- Economic determinism
Economic determinism is the
theorywhich attributes primacy to the economicstructure over politics in the development of human history. It is usually associated with the theories of Karl Marx, although many Marxist thinkers have dismissed plain and unilateral economic determinismas a form of "vulgar Marxism", or " economism", nowhere included in Marx's works.
Economic determinism as understood by vulgar Marxism is the positivist belief that economical laws determine the course of history, in the same way that
Auguste Comteconsidered that laws governed society. The law of economic determinism attributed to Marx's historical materialismis simple: self-preservation is the supreme instinct in man, and therefore the whole pattern of human conduct must always have been governed by the fundamental laws governing survival, a dialectical process between man and nature (see co-evolution) Fact|date=February 2007. This reasoning leads to the conclusion that all elements of historical consequence result from 'economic determinism', or man's effort to survive.
Economic determinism's relation to Marxist philosophy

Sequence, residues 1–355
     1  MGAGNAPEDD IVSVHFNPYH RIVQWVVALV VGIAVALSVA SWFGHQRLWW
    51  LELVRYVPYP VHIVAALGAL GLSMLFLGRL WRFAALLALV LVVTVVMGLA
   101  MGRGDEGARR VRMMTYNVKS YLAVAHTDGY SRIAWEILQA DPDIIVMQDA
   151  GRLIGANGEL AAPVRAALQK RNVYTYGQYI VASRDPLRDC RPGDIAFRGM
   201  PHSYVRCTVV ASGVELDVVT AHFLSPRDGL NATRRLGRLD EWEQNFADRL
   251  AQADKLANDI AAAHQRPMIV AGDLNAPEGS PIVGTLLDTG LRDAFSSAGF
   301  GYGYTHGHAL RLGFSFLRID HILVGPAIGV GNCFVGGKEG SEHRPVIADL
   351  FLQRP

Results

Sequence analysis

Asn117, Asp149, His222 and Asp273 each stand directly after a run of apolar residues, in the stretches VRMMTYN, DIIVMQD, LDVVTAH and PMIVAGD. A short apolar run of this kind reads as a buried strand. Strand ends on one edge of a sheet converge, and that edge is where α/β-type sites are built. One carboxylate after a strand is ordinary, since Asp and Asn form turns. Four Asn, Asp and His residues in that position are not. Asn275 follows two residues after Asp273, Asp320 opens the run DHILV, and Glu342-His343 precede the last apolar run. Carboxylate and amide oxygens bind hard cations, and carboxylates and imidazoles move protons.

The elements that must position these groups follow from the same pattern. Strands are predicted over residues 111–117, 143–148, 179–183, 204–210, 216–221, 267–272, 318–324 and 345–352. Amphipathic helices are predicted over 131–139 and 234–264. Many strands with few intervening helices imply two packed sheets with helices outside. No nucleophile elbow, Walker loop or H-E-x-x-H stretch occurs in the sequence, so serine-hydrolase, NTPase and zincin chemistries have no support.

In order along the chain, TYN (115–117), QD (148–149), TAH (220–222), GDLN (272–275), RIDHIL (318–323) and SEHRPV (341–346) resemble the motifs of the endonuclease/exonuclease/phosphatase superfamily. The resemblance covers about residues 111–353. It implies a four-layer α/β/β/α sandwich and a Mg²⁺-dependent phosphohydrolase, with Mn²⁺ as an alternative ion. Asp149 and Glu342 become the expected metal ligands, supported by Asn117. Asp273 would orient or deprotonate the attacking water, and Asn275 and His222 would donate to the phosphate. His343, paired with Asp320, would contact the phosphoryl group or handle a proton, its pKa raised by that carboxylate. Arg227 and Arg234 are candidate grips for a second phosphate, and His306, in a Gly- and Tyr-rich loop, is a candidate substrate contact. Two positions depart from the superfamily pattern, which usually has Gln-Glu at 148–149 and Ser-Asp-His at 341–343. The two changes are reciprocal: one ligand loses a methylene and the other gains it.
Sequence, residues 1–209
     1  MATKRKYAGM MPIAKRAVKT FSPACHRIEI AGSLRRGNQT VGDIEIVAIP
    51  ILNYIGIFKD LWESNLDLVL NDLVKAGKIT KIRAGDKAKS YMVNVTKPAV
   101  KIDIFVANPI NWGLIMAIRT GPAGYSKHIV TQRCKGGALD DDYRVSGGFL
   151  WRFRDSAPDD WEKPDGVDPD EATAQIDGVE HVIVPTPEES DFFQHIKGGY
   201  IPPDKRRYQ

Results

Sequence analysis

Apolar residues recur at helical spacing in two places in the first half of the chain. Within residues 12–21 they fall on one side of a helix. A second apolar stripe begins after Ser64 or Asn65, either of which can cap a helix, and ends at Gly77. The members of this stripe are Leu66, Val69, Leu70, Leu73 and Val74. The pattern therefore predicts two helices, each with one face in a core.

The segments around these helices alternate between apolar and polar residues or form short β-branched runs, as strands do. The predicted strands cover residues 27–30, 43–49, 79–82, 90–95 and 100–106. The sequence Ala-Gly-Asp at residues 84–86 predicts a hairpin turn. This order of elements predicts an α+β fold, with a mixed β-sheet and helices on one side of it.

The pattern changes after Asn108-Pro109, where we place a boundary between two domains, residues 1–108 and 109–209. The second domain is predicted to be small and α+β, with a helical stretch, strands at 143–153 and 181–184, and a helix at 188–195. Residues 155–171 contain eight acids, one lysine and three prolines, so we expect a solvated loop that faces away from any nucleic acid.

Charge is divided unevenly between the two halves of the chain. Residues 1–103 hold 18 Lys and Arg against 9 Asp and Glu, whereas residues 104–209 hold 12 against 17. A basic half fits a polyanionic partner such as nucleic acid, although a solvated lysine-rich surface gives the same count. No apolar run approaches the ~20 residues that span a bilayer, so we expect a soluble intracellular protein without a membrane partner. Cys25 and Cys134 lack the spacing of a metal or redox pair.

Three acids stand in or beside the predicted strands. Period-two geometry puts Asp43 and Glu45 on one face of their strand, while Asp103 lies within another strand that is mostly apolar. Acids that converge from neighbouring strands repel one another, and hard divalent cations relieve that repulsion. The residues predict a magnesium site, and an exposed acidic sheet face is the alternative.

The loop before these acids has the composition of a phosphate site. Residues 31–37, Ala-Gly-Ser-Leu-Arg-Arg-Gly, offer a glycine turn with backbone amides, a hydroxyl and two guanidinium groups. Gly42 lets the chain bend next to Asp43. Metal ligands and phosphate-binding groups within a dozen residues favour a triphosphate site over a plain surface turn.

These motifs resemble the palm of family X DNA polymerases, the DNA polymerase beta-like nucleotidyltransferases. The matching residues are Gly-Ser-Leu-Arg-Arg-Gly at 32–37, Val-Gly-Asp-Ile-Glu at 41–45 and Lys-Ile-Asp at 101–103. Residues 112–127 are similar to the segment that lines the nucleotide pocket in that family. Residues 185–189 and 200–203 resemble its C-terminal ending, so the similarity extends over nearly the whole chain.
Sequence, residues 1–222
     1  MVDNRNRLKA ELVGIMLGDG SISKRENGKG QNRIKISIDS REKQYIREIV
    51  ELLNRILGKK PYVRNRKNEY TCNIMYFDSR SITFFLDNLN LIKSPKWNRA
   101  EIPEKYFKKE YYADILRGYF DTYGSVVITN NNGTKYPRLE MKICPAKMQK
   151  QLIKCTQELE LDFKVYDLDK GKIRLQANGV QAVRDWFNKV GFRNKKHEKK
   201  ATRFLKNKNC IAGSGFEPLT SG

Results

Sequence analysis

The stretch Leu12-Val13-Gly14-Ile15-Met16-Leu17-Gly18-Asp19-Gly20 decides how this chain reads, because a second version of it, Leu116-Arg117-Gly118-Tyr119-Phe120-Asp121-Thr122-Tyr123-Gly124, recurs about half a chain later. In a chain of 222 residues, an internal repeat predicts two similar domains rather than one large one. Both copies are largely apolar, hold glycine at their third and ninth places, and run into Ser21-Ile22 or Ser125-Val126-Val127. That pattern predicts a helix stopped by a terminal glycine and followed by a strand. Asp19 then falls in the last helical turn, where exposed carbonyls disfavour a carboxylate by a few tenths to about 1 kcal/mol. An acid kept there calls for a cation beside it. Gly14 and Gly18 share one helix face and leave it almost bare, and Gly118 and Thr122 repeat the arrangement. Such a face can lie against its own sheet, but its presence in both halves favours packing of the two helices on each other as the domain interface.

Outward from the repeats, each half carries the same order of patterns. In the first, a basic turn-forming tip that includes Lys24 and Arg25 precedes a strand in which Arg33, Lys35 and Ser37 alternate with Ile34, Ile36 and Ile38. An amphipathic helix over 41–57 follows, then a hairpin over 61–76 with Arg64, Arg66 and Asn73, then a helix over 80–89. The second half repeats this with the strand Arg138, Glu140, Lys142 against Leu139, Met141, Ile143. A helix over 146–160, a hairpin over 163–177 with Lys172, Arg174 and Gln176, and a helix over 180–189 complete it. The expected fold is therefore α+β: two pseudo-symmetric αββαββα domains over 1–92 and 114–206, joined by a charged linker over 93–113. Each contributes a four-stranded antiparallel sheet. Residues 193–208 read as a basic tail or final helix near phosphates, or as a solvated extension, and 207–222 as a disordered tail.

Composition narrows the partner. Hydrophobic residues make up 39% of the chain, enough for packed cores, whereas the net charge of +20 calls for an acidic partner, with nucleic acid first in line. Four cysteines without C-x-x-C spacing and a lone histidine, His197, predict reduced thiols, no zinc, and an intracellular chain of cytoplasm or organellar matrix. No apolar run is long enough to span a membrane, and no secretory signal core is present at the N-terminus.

Marx, each social mode of productionproduces the material conditions of its reproduction, that is, ideology(which gathers all the political, law and cultural spheres). Thus, ideology permits the mode of production to reproduce itself. Furthermore, Marx and Engels are said to have believed Fact|date=July 2007, should a revolutionary force change the mode of production, the dominant class will immediately set out to create a new society to protect this new economic order. In the modernity of their era, Marx and Engels felt the property class had essentially accomplished the establishment of a new societal and economic order, instinctively creating a society protective of their capitalist interests. They made this statement to the Bourgeoisiein the Communist Manifesto: "Your very ideas are but the outgrowth of conditions of your bourgeois production and bourgeois property, just as your jurisprudenceis but the will of your class, made into law for all, a will whose essential character and direction are determined by the economic conditions of the existence of your class." [Karl Marx, Friedrich Engels, "Communist Manifesto", pg 35] From this, it is argued that Marx and Engels did not believe men could arbitrarily choose any one of several forms of society, but only that one which promotes the prevailing mode of production. The very nature of man's materialisticmake-up requires him to do this. The young Marxhence criticized man's alienation, a concept which he later replaced by the critique of commodity fetishism. "Vulgar Marxism" has considered that the relation between the economical infrastructureand the ideological superstructurewas an unicausal one, and thus believed in economic determinism. This has been criticized by various Marxist theorists, who dismissed it as a form of economismor economic reductionism. They claimed the relationship is much more reciprocal and complex than unilateral determinism would have it.